"Power and future people’s freedom:intergenerational domination, climate change, and constitutionalism", Journal of Political Power, Volume 9, Issue 2, 2016, pp 289-307.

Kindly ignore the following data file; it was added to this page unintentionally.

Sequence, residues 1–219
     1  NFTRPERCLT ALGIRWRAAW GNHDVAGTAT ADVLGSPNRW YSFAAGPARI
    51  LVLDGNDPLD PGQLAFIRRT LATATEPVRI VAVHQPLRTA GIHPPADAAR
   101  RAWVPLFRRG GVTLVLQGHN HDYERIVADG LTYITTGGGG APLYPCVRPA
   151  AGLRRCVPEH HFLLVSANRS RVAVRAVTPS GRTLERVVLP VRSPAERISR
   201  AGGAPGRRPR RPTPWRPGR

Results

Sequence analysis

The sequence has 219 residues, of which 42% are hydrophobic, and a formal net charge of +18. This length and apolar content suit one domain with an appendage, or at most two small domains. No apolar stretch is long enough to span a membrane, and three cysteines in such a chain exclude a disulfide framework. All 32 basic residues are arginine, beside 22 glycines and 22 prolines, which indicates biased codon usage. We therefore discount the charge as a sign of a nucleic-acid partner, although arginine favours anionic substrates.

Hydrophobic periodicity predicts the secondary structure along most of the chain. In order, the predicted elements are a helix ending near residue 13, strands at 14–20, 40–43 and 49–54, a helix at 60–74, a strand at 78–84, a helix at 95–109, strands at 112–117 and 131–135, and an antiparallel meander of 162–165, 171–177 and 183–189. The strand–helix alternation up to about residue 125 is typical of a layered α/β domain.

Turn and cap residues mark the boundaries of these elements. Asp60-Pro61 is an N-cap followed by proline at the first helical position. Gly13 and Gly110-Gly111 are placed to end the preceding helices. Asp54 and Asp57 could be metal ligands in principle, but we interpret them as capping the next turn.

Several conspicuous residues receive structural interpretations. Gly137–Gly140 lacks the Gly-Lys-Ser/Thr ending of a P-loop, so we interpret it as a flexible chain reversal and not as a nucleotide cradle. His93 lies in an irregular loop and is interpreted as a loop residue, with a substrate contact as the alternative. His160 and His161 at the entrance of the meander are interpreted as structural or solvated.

Intergenerational domination is the idea that future people’s freedom is violated insofar as they are vulnerable to the capacity of the people living before them to interfere. This paper explores the extent to which intergenerational domination applies to two familiar phenomena: climate change and constitutionalism. The first part of the paper argues that the emission of greenhouse gases does not amount to intergenerational domination. Being hurt by climate change does not equal subjection to the capacity of previous generations to interfere. The second part argues that intergenerational domination is under certain conditions applicable to the relationship exemplified by political constitutionalism. Hence, this study shows that constitutional provisions introduced in order to protect future generations from climate change is more likely to contribute to rather than to protect them from intergenerational domination.